Earlier this week, I was at the Workshop in Computational Systems Biology: Models, Methods, Meaning at the Norwegian University of Life Sciences in As, Norway. I gave a talk there on reproducible research, and there were some other excellent talks on modeling and simulation, research methods, etc. I liked it a lot, and it was really an excellent workshop! Thanks for the organization, Hans Ekkehard!
As it says on the site, this workshop was on the following topic, which very well described to me both the content and the spirit of the workshop: “Modeling and simulation are essential tools in systems biology and many other branches of science. This workshop is an invitation to step back from the day-to-day struggle with our simulations and to reflect about the nature of modeling and its relation to simulation: How do modeling and simulation contribute to the development of knowledge? Is a simulation per se a valid scientific experiment?”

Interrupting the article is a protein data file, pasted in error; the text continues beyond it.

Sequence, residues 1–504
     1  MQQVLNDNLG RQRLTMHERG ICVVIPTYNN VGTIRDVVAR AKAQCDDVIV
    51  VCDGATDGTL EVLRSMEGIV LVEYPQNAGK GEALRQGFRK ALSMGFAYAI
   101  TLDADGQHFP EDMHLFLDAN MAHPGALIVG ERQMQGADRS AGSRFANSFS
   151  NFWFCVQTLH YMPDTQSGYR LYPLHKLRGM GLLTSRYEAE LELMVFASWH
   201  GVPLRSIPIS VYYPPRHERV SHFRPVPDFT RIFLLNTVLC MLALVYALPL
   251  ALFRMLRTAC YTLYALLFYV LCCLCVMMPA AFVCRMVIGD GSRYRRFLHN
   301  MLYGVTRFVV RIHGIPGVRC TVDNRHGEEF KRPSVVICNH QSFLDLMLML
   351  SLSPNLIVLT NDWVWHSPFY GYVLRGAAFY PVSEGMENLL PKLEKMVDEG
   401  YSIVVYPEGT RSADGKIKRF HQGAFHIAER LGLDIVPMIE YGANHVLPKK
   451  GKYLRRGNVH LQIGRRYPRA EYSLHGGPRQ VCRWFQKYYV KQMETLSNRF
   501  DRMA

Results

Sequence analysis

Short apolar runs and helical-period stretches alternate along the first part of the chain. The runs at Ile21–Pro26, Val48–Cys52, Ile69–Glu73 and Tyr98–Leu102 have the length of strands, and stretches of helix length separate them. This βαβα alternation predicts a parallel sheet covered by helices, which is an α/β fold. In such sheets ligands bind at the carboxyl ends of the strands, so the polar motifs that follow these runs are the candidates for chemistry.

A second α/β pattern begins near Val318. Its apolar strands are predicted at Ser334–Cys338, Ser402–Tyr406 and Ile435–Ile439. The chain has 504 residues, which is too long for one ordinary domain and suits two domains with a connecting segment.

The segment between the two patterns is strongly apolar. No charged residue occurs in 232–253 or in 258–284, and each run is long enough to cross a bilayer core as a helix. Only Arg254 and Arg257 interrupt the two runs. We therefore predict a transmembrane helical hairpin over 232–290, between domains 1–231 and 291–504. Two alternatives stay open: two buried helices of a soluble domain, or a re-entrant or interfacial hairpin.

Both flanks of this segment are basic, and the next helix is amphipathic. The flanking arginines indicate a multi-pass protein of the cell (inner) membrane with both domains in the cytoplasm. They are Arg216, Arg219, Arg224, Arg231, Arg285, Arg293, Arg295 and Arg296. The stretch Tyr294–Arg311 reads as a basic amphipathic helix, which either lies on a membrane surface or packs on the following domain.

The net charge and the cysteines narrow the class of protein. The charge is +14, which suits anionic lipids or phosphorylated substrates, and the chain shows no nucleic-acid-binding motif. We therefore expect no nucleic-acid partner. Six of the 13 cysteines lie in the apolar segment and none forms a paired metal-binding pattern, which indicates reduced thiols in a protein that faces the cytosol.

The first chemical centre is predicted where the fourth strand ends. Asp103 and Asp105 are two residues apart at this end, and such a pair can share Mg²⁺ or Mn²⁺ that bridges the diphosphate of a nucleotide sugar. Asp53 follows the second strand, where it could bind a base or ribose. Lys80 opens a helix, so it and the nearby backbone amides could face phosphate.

Both the speakers and the audience consisted of people with a very diverse background, ranging from physicists, chemists and engineers (like me) all the way to philosophers in metaphysics. This resulted in often very enthusiast and interesting discussions. It was also very interesting for me to see how scientists in neuroscience struggle with similar issues as me, and to see how they approach things. I learned a lot of new things, some of which will pop up in separate posts on this blog in the future. Stay tuned!